I have an important update to my post from yesterday in regard to the subject of “Intrinsic Disorder.” Many thanks to Marie Dean who pointed out to me via email, and who pledges to write a related post soon on her blog, that disorder is never intrinsic. This is the point I was (clumsily) making in my post, but I failed to point out that the use of the term “intrinsic disorder” is itself erroneous. I’m guessing I was subconsciously remembering how I have been treated in the past when I took issue with a term (“gay”) when writing on this topic. There is no such thing as an “intrinsic disorder” in Catholic spirituality. That man is intrinsically disordered, in spiritual language, is a protestant belief. We can attribute the error’s popularity to Martin Luther, primarily.
It is my understanding that “intrinsic disorder” is a medical term. Perhaps this is where Elizabeth Scalia has heard the term used before. In Catholic spirituality, we refer to same-sex attraction as “objective disorder.” This means, as I stated in my post, that it is something not inherently a part of our own being. Marie pointed this out to me via email (and rightly so):
Objective means outside one’s being but real, such as an objective perception or objective view; we sin objectively against God’s commands, and a disorder which is objective can be changed, (I can objectively become more holy, for example) wherein an intrinsic one cannot be, by definition.
Spot on. Mind you, I don’t expect the average person who is not well-studied in Catholic teaching and/or apologetics to understand why something that initially seems so trivial can be such a huge deal, but it really is the difference between understanding that you can become a saint and the false belief that one cannot possibly become a saint, in the sense that Catholics understand sainthood.
Protestants after the tradition of Martin Luther believe that human beings are intrinsically disordered. Luther referred to “saved” people as snow-covered piles of dung. Fr. William Saunders writes:
Luther believed that original sin had completely destroyed our likeness to God, so that a person lost his free will and all his works were sinful. He taught that after baptism, original sin remained. (While Catholics distinguish original sin from concupiscence, Lutherans essentially do not.) Even after baptism, man’s nature remains depraved; there is no re-creation. However, through baptism and the graces merited by our Lord’s passion and death, a man is clothed in grace and thereby appears just in the eyes of God. Martin Luther described a justified man as a snow-covered pile of dung, clean on the outside but not on the inside. (Please note, this is literally Luther’s imagery.) He explained further, “I understand grace in the sense of a favor of God, but not in the notion of a quality in the soul. It is any exterior good, that is, the favor of God as opposed to His anger.” For Luther, grace then remained extrinsic to the person, and did not produce a new creation. So the classic Lutheran phrase, simul justus et peccator — at the same time righteous and a sinner — captures the state of the person even after baptism.Following this reasoning, since man is depraved and sinful, so are his actions. Therefore, good works are meaningless for Luther, and have no part in justification, thereby ignoring the teaching of St. James. For Luther, salvation comes through “faith alone.”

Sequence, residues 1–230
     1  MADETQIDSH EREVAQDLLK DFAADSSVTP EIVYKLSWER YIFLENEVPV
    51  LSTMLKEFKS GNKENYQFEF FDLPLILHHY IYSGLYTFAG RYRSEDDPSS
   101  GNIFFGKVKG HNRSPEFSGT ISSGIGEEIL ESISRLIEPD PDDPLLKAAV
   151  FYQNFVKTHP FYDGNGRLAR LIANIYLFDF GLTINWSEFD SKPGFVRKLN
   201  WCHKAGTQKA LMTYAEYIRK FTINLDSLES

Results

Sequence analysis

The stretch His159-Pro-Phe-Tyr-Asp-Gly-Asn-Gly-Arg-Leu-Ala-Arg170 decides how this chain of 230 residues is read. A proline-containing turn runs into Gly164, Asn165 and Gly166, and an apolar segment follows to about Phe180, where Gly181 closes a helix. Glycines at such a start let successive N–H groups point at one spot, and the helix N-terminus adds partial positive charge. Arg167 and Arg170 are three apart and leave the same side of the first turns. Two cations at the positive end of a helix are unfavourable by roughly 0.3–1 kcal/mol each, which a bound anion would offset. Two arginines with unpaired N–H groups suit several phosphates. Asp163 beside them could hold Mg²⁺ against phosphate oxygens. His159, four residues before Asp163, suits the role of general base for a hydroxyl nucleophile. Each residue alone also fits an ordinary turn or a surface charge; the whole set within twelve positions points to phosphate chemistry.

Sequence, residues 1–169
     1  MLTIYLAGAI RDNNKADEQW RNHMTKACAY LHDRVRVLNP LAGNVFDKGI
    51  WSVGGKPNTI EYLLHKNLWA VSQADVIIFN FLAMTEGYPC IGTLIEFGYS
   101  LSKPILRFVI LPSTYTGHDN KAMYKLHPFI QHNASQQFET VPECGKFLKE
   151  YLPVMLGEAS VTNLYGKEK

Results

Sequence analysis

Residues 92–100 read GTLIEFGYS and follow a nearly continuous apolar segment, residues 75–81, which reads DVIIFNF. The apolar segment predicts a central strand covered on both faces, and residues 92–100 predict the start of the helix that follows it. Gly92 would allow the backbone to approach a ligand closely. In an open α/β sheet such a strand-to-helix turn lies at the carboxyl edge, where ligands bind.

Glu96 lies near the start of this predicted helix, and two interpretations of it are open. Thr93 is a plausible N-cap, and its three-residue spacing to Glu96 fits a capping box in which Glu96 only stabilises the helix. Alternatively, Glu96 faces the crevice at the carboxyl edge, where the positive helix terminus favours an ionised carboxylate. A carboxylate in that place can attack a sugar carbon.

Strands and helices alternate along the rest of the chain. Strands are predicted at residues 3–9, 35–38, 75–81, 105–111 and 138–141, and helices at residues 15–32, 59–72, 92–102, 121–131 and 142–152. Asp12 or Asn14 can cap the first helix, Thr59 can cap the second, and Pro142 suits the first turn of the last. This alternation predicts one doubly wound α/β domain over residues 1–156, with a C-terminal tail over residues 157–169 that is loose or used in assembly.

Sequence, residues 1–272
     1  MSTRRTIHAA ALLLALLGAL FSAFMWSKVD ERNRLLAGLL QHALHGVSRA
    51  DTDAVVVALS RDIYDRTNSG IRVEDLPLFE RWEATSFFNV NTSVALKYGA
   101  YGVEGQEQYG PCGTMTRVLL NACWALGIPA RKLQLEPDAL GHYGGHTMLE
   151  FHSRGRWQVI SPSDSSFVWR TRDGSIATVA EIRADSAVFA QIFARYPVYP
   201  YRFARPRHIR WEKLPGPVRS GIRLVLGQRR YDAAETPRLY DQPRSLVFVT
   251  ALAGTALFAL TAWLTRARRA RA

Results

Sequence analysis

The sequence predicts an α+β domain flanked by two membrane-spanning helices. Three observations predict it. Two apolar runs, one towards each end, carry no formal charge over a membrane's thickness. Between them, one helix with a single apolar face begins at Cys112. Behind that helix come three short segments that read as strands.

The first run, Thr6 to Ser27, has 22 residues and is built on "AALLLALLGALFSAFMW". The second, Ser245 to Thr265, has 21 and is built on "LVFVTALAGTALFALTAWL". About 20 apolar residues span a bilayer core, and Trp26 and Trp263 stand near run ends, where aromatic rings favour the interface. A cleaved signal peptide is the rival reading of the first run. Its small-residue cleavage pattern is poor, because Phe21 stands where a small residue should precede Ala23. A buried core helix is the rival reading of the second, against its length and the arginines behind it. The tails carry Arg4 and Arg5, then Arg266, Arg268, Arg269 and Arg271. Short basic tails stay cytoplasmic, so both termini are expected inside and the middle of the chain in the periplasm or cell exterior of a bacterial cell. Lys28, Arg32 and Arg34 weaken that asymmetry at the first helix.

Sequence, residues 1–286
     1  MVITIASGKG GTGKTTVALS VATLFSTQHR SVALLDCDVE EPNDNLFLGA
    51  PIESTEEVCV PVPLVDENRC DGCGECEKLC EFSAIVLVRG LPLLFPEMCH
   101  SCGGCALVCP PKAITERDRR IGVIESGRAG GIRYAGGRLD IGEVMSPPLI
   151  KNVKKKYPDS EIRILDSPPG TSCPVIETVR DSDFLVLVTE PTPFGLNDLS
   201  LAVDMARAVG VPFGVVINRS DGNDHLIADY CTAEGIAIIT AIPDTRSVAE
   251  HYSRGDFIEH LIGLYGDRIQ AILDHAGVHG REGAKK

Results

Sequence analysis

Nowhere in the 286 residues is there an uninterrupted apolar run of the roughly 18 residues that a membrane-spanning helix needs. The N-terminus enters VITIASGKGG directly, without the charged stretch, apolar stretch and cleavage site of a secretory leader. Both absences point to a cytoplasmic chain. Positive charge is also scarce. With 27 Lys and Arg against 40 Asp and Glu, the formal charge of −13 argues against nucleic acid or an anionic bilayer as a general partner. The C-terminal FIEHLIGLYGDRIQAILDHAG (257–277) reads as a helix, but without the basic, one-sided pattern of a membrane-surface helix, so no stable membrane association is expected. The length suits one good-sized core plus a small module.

Protestants of this erroneous tradition also believe that they can subjectively determine what the truth is without the aid of the Church. They see fides ecclesiastica as a false doctrine, hence their belief in Sola Scriptura. Anyone who has spent time debating protestants on the topic of subjective belief and objective truth should have no trouble understanding the topic of objective disorder. This is why I think that anyone who writes about Catholic theology and spirituality would do well to spend at least a month or two engaged in apologetics debate with protestants. The use or misuse of one term may seem trivial to you, but it is often the difference between understanding the truth about God and not understanding the truth about Him. As I have notedrepeatedly, it is the difference between life and death for me, personally.
I have been called a “drama queen” by Catholics who disagree with me on this because I ended up in the crisis unit when a former spiritual director got this wrong. I assure you that every time I write on this topic, I think of this. Please pay attention. Lives are at stake. If I said that “hives” are at stake, you’d have reason to ignore me and call me a loon who is just seeking attention and worldly glory because I’m “jealous” of some other blogger, but lives are at stake. Sometimes even one letter being wrong can change everything. My aim is to lead souls to Christ, not to generate traffic to my blog. If just one person comes to Christ because of what I have written here, it will be worth everything to me.